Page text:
FCC compliance testing
With GPS synchronization installed, the system has been tested for compliance to US (FCC) specifications. It has been shown to comply with the limits for emitted spurious radiation for a Class B digital device, pursuant to Part 15 of the FCC Rules in the USA. These limits have been designed to provide reasonable protection against harmful interference. However the equipment can radiate radio frequency energy and, if not installed and used in accordance with the instructions, may cause harmful interference to other radio communications. There is no guarantee that interference will not occur in a particular installation.

A Class B Digital Device is a device that is marketed for use in a residential environment, notwithstanding use in commercial, business and industrial environments.

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Region Codes

Notwithstanding that Cambium has designed (and qualified) the PMP 450 products to generally meet the Class B requirement to minimize the potential for interference, the PMP 450 product range is not marketed for use in a residential environment.

Region Codes
Table 45 lists the region codes available on PMP 450 AP and SM units. Region code settings affect the radios in the following ways: Maximum transmit power limiting (based on radio transmitter power plus configured antenna gain) PMP 450 equipment shipped to the United States is locked down with a Region Code setting of ―United States‖. Units shipped to regions other than the United States must be configured with the corresponding Region Code to comply with local regulatory requirements. Table 45 Region Code Information for PMP 450 AP

OFDM Radio Model

Channel Size

Region Code(s)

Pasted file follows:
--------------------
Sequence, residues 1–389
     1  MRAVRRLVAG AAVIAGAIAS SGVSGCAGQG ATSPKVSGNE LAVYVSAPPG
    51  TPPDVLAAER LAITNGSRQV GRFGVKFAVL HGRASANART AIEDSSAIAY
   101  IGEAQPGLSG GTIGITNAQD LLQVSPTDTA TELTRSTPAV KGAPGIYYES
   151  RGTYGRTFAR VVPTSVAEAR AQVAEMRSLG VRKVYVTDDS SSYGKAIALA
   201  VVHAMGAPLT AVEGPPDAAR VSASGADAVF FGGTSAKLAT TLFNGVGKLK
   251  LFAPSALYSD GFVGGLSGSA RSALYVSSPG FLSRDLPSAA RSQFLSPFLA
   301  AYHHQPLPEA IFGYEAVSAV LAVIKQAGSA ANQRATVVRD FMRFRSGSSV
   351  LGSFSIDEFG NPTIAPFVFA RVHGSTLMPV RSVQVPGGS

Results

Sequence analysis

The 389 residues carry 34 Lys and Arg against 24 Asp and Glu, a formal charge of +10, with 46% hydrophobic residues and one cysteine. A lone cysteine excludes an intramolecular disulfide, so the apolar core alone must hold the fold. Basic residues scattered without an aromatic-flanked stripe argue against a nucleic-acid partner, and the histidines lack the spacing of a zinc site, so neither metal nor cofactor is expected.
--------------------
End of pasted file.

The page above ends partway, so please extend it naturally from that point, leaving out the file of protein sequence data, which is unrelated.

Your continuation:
Band Edges (MHz)

Range of Center Frequencies Available (MHz)

Center Channel Spacing

# of Center Channels (based on PMP 450 available range) 22

PMP 450 Series AP, 5.8GHz

20 MHz

United States, Canada, Australia, Brazil Ireland, Other India

5725 – 5850

5735 – 5840

5 MHz

5725 - 5875 5825 - 5875

5735 – 5865 5835 – 5865

5 MHz 5 MHz

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FCC and ICC IDs and certification numbers

Reference information

Table 46 Region Code transmit power regulation

Radio/ Frequency

Channel Size

Region(s)

Combined TX Default Setting

Antenna Gain
(18 dBi – 1dB cable loss)

Max EIRP
(Tx + Antenna Gain)

United States, Canada, Australia

19 dBm

17 dBi

36 dBm

PMP 450 AP 5.8 GHz OFDM 20 MHz

Brazil and India

13 dBm

17 dBi

30 dBm

Ireland

16 dBm

17 dBi

33 dBm

NOTE: Transmit power is automatically limited to meet regional EIRP limits based on Region Code selection. No conducted EIRP/transmit power limit for Region Code ―Other‖

FCC and ICC IDs and certification numbers
Table 47 US FCC IDs and Industry Canada Certification Numbers and Covered Configurations

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FCC and ICC IDs and certification numbers

FCC ID

Industry Canada Cert Number

Frequencies

Module Families

Antenna (OFDM)

Maximum Combined Tx Output Power

Z8H89FT0002

109W-0002

20 MHz channels, centered on 5735-5840 in 5 MHz increments (within the 5725-5850 MHz ISM band) 20 MHz channels, centered on 5735-5840 in 5 MHz increments (within the 5725-5850 MHz ISM band) 20 MHz channels, centered on 5735-5840 in 5 MHz increments (within the 5725-5850 MHz ISM band) 20 MHz channels, centered on 5735-5840 in 5 MHz increments (within the 5725-5850 MHz ISM band)

5780APC

17 dBi Connectorized

19 dBm

Z8H89FT0001